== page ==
Dissecting Cellulitis (DC), also known as Perifolliculitis Capitis Abscedens et Suffodiens, is a distressing scalp condition associated with hair loss, specifically scarring alopecia. This inflammatory disorder predominantly affects individuals between the ages of 20 to 40 and is more commonly found in African Americans, followed by Hispanics and Caucasians. In this article, we will delve into the key aspects of DC, highlighting its symptoms, causes, diagnosis, and treatment options with a strong focus on alopecia and hair loss-related keywords.
Symptoms and Progression
DC typically commences with painful, inflamed hair follicles resembling acne-like bumps, predominantly in the crown of the scalp or posterior neck. Over time, these inflamed follicles progress into multiple boils that can connect beneath the skin, forming sinus tracts or canals, which often drain pus and/or blood.
At its most advanced stage, the affected scalp may feel soft and boggy to the touch, and pressure applied to one lesion may express pus at a distant lesion. The accumulated fluid under the skin exerts pressure on overlying hair follicles, ultimately destroying them and leading to permanent hair loss.
Diagnosis and Considerations
Diagnosing DC involves a clinical examination, often complemented by a scalp biopsy. It is essential to rule out other conditions that exhibit similar symptoms, such as acne conglobata and hidradenitis suppurativa, as these may co-occur due to blocked hair follicles triggering an exaggerated inflammatory response. Furthermore, differential diagnoses like pseudopelade of Brocq, tinea capitis, and folliculitis decalvans should also be excluded.
Causes and Contributing Factors
While DC’s exact cause remains elusive, it is important to emphasize that it is not caused by unclean clippers or poor haircuts. The condition is associated with blocked hair follicles that trigger an abnormal inflammatory response. Patients are advised that while haircuts are still possible, caution is required to minimize scalp trauma and irritation.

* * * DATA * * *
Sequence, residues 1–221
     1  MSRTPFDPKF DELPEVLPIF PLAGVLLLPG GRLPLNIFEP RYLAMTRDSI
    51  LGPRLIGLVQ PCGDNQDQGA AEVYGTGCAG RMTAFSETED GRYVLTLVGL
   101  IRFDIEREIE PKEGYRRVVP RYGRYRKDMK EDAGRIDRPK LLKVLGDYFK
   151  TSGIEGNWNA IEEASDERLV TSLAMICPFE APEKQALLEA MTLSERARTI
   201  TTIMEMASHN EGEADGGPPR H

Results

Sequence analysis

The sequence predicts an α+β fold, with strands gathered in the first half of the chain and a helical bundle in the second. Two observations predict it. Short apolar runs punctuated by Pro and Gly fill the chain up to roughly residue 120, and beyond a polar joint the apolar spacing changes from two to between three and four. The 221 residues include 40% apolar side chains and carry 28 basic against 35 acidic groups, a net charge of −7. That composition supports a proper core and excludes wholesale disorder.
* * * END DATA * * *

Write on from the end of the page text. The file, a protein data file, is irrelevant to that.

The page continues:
Treatment and Alopecia Prevention
Treating DC primarily focuses on halting the inflammatory process. Oral antibiotics are employed to address secondary infections and harness their anti-inflammatory properties. Steroid injections, when administered directly into the scalp, work similarly to reduce local inflammation. In severe cases, combination regimens may be prescribed. Laser hair removal and surgical interventions can significantly improve or completely resolve lesions. It is crucial to underscore the significance of healing chronic open wounds, as they can elevate the risk of skin cancer development in the affected area.
Dissecting Cellulitis is an inflammatory scalp condition that not only causes physical discomfort and psychological distress but can also result in scarring alopecia or permanent hair loss. Early diagnosis and prompt treatment are pivotal in preventing disease progression and alopecia. While the exact cause of DC remains unclear, maintaining healthy hair and scalp hygiene, and seeking professional guidance, can help mitigate the impact of this challenging condition. Understanding the link between DC and alopecia is crucial for those affected and their healthcare providers, to ensure effective management and improved outcomes.